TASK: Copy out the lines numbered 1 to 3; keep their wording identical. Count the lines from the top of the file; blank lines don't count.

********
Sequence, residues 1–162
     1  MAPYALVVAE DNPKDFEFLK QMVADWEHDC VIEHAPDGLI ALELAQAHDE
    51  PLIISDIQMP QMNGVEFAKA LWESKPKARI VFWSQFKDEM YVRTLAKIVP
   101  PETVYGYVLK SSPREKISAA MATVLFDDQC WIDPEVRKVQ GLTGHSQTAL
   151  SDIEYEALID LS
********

Sequence, residues 1–162
     1  MAPYALVVAE DNPKDFEFLK QMVADWEHDC VIEHAPDGLI ALELAQAHDE
    51  PLIISDIQMP QMNGVEFAKA LWESKPKARI VFWSQFKDEM YVRTLAKIVP